Q So you residents set about creating things?

I once had lunch with Jim Rouse and told him I thought what marked Columbia was that everyone thought they could do something about it. He said, ‘About what?’ I said it didn’t matter. There was this sense of possibility.

Q What were some of those possibilities?

Women formed their own coop nurseries, for example. At the beginning women did all that by volunteer. They formed the rape crisis center, the domestic violence center. The consciousness raising was going on nationwide, but it was more concentrated here.

Q You mentioned to me that the founders expected women to drive shuttles as volunteers.

We’d have to go back in the archives to confirm that. The founders seemed to expect women to get together and have coffee. They actually considered having a shuttle that would be driven by women volunteers. By the time women got here there was no way that was going to happen. When I got here, there was a twice weekly get-together in the morning for women. They had day care, so women could hatch out their plans together. Women very quickly hit the ground and realized that there were needs to be addressed, and they began creating institutions. It was the women who created many of the institutions that we still have.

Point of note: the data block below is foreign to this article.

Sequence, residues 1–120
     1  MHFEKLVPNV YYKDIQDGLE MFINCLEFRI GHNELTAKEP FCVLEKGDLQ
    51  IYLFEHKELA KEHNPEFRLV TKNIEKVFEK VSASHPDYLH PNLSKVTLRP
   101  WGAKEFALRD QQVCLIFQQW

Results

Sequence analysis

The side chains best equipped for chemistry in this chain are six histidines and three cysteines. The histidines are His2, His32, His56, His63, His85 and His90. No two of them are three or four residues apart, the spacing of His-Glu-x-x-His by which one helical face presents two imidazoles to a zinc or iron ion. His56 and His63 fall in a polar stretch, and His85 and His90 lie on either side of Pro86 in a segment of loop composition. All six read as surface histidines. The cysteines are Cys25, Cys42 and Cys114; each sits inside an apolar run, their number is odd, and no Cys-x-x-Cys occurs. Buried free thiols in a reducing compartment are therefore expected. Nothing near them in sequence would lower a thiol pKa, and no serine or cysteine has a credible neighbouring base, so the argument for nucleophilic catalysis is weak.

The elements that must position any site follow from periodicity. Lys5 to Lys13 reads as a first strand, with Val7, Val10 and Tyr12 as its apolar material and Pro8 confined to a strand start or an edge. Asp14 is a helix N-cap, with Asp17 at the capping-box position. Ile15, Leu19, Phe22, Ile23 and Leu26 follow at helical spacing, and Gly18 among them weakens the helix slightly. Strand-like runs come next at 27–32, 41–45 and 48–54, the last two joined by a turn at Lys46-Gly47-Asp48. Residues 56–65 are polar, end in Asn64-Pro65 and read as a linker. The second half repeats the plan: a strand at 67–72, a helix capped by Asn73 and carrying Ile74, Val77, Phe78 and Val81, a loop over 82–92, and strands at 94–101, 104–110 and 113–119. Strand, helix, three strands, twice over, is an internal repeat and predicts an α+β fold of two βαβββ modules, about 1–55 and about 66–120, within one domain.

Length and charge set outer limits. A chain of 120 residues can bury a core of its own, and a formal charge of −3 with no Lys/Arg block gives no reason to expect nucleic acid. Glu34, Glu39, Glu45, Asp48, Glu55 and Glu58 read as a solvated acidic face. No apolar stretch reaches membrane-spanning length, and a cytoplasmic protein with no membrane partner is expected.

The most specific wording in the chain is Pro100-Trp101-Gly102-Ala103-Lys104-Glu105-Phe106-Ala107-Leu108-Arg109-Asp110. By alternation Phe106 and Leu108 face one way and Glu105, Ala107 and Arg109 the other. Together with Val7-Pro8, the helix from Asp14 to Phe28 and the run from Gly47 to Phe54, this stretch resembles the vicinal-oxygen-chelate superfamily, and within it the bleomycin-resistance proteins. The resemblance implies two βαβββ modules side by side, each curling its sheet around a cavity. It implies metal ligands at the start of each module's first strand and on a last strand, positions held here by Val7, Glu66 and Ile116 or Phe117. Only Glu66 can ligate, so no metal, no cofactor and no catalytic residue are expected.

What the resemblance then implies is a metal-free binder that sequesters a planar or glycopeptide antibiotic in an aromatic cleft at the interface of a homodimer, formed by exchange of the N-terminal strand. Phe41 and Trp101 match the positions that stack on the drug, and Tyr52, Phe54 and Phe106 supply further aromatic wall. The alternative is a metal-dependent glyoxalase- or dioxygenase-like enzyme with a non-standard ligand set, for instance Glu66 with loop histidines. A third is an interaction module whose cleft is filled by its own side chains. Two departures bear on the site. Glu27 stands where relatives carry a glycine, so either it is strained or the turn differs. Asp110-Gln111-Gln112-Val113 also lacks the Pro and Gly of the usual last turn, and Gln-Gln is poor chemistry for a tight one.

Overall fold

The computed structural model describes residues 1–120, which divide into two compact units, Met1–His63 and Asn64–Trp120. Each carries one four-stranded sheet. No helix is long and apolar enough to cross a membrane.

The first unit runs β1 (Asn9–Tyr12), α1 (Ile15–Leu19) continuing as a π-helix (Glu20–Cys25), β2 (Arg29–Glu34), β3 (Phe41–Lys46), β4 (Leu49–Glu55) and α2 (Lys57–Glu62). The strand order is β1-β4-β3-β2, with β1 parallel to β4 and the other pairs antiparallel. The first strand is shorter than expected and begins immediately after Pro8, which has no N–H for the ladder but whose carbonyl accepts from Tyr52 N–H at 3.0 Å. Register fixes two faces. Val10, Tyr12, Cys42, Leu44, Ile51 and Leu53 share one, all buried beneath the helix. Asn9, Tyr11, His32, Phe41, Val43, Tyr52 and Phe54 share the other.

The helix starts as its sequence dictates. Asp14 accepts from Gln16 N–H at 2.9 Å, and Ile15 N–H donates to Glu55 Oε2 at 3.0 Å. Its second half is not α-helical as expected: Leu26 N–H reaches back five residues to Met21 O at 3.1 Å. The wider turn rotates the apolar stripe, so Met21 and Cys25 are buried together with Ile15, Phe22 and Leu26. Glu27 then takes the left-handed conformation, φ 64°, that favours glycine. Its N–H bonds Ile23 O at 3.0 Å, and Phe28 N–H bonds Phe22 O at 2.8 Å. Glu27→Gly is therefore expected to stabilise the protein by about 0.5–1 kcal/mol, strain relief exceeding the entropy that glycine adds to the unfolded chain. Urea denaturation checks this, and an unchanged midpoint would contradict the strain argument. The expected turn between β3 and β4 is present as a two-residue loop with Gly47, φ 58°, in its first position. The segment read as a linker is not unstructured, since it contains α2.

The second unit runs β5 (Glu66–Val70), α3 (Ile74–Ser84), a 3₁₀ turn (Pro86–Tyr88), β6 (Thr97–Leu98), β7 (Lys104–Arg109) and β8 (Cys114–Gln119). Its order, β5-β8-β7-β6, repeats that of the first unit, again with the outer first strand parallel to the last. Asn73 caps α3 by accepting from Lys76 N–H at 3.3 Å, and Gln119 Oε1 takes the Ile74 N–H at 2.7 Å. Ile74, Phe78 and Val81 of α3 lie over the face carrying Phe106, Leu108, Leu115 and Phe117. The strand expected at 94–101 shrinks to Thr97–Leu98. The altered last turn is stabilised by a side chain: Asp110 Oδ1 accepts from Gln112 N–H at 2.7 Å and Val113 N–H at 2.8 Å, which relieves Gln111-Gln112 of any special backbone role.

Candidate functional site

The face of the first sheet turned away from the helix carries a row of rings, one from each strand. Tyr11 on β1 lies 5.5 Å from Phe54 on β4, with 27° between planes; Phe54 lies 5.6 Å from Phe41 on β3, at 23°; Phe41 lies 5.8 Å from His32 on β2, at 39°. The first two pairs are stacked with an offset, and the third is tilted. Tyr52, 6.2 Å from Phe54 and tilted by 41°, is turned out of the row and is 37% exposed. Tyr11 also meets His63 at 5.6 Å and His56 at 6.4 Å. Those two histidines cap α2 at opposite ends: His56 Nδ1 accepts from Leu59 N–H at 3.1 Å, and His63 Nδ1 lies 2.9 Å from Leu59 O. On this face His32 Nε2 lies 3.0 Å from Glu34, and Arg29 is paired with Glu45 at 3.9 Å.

Q What was your experience when you moved here?

When I came to Columbia and couldn’t get a job as an English teacher right away, I decided to create a Women’s Studies class at Howard Community College. In the summer of ’71 when I was like suicidal because I’d left my (university) job in Milwaukee, I was sitting at the pool one day and looked at the Columbia “Flyer” and said, ‘I could do a better job than this.’ I was one of those people who started in journalism when I was 11. I’d worked on school newspapers all through high school, and worked for the Daily Oklahoman when I was in college. I showed up at the (Flier) editor’s doorstep. I started in November 1971 as a freelancer and was editor by March of 1973. I continued to teach Women’s Studies at night for about five years. As I moved from being editor to general manager, I hired many women who were taking my classes. Women were just starting to enter the workforce. Most of the women in my classes were young mothers.

Q So it sounds as if women played major roles in your business and in other Columbia institutions.

We should feel very proud of all the institutions women have created here. They are the backbone of the community we have today. Our caring, compassionate community rests on the foundational efforts of strong women. Women have become more and more leaders in philanthropy and civic leadership. We have our voice, we have our vote, we have our time. But we also have our money to spend to change the world.